‘The real fight – getting our members and our income back – is still ahead of us.’ Adam Kovacs

Just as important, however, will be reassuring wary customers with a variety of coronavirus safety control measures. All Sonoma fitness studios contacted by the Index-Tribune listed a litany of new safety measures from distancing of equipment to electro-static (hospital grade) disinfecting to HVAC upgrades and heavy-duty air purifiers and a greater emphasis on fresh air circulation.

Fitness Factory and Sonoma Fit have also joined Anytime Fitness in being open to members 24 hours a day, seven days a week.

Jimenez hopes being open longer hours will be a draw.

“Outdoor classes weren’t an option for us because our members want to work out with equipment,” he said.

Without access to outdoor space in its location in the shopping center, Anytime Fitness has been closed for the better part of the year. It reopened on March 16 at 11 a.m.

“We aren’t going to pressure anyone to come back in who isn’t comfortable yet but we’ll do everything we can to communicate the additional safety measures that have been taken and all the good reasons to get back into a workout routine,” said Anytime Fitness GM Laura Kirley.

Small boutique studios face occupancy challenges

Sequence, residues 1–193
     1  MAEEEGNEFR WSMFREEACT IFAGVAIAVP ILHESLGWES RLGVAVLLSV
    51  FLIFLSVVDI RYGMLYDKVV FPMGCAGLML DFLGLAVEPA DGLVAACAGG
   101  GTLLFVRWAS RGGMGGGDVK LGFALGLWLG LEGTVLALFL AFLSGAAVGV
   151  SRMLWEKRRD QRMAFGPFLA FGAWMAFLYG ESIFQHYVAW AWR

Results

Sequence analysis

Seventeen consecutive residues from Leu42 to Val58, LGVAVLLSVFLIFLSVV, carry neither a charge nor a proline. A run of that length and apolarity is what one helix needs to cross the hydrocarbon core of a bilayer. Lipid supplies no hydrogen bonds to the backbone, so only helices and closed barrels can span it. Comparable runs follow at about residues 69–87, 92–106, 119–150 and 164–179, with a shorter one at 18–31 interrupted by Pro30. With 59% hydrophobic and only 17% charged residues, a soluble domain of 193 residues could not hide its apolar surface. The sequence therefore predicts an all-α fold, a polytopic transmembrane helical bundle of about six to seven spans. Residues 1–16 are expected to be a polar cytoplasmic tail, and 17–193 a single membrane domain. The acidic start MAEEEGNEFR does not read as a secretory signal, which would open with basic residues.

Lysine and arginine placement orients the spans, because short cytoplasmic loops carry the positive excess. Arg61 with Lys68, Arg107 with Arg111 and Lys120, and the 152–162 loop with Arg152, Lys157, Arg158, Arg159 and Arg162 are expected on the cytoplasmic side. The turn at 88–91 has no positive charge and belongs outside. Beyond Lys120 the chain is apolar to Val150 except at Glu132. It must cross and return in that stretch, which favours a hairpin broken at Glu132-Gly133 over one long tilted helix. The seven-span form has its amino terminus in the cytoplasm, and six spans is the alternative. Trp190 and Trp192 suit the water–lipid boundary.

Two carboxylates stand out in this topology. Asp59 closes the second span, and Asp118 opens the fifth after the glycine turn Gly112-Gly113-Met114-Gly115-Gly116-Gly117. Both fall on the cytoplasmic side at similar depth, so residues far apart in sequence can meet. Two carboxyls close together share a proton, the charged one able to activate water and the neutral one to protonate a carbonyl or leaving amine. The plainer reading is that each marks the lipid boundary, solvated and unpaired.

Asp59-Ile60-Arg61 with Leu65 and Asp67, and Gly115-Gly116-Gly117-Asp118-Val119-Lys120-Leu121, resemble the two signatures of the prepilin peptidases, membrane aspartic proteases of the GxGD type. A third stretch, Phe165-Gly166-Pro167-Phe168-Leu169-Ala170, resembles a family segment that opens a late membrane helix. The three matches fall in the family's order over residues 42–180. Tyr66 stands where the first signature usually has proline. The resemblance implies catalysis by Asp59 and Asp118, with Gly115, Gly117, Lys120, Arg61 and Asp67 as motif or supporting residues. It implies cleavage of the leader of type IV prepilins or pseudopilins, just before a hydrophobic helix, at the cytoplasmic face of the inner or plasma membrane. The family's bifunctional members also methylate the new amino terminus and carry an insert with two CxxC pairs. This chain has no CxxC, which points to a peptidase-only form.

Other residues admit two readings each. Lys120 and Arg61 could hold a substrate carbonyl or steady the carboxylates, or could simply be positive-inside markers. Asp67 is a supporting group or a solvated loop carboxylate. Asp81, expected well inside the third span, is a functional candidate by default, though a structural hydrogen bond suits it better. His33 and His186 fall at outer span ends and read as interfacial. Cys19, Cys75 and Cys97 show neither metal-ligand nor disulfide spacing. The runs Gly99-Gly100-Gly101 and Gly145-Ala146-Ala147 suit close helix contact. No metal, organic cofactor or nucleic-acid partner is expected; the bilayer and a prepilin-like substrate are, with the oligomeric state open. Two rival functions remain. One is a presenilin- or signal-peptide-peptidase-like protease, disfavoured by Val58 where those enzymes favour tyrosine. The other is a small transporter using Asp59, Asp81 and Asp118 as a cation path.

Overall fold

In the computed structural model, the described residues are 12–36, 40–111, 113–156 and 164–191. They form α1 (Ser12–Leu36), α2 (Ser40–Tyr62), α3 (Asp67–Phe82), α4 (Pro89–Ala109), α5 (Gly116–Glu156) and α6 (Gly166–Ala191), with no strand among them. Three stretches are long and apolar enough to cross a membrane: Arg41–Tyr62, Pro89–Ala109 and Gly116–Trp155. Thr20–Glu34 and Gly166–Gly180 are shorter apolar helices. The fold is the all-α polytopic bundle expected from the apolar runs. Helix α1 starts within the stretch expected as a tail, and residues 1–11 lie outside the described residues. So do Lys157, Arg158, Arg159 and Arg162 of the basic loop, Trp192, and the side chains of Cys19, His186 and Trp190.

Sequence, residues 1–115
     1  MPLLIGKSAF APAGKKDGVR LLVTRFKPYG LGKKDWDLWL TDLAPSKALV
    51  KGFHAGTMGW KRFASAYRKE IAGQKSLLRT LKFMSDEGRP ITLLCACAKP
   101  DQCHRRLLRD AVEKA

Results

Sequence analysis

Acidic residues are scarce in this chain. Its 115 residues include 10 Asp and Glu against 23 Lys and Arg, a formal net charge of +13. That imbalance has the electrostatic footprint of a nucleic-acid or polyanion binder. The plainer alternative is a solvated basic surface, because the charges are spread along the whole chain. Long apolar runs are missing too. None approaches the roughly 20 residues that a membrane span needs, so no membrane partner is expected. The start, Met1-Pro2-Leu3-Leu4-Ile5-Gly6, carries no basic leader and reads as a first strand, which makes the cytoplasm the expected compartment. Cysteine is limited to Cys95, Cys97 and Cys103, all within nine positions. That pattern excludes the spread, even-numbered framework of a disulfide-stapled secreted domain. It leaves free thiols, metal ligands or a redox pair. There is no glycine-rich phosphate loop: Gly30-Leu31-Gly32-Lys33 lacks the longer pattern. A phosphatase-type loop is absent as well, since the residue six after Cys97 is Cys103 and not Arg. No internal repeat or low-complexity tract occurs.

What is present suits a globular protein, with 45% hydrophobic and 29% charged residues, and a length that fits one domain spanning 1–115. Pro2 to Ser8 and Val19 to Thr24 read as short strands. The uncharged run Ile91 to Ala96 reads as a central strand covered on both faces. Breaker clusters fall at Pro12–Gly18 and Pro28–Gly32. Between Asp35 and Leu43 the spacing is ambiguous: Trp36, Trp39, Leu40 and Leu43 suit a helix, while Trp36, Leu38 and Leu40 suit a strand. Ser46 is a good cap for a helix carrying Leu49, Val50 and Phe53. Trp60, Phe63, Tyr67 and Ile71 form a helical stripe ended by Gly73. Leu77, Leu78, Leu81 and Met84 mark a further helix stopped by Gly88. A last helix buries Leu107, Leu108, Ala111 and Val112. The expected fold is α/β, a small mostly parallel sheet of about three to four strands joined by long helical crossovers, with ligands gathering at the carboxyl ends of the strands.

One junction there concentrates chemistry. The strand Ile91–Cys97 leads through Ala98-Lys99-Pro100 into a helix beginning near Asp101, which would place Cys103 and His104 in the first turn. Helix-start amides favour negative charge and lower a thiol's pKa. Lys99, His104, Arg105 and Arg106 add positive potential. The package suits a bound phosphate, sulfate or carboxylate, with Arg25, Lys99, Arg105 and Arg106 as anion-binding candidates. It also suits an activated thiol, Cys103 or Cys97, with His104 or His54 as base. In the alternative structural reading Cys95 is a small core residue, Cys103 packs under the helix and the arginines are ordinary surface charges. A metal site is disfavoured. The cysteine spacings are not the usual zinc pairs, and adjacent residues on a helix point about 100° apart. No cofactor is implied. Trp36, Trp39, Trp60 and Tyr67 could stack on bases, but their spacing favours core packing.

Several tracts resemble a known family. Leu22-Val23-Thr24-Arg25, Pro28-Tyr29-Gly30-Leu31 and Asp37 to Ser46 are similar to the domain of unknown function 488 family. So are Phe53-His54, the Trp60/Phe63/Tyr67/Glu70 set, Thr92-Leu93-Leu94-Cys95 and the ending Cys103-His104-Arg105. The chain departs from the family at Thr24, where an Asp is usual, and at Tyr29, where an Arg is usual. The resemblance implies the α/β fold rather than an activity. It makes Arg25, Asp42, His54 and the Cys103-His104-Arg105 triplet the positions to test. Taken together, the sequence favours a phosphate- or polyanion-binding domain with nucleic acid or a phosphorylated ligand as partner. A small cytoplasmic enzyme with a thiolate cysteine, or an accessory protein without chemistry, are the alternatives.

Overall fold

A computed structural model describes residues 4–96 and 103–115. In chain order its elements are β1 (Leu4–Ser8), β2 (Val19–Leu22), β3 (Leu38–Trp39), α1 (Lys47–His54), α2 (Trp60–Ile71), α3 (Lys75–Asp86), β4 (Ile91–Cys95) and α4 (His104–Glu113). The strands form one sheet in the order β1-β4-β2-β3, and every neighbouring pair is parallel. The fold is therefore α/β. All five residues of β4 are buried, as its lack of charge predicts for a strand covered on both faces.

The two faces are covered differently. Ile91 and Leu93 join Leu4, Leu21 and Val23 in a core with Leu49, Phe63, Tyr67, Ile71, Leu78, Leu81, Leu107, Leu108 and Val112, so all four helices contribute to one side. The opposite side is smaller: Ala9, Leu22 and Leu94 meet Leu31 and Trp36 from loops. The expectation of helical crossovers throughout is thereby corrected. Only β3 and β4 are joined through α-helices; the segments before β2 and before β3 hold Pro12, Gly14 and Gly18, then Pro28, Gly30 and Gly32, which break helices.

Sonoma’s yoga and pilates studios have resumed classes indoors but while restaurants, museums and theaters now allowed to resume indoor operations at 25 percent capacity under red tier guidelines, fitness centers must max out at 10 percent capacity indoors, which is doable for big gyms but a real challenge for boutique operations.

“Because we can have only four students in the room at a time, we’ll leave it up to the teachers whether they want to continue doing virtual classes until that number increases,” said Yoga Community owner Lisa Willet. Willett will add capacity by putting her tent back up at Sonoma Garden Park and holding outdoor classes there as soon as the weather improves. She also undertook a “pandemic pivot,” offering a community supply store in unused studio space this year; it will also stay open indefinitely.

Sonoma Like it Hot yoga studio also reopened this week and owner Inna Vassina said her studio has stayed afloat over the past year by offering private, outdoor and virtual classes.

“And we prayed a lot,” she said.

Other specialty fitness studios like Studio M pilates and First 2 Fight boxing studio will also reopen this week. First 2 Fight owner Alex Ventura said that because he has outdoor space and all his client work with him one-on-one, this year hasn’t been as hard on him as other fitness studios.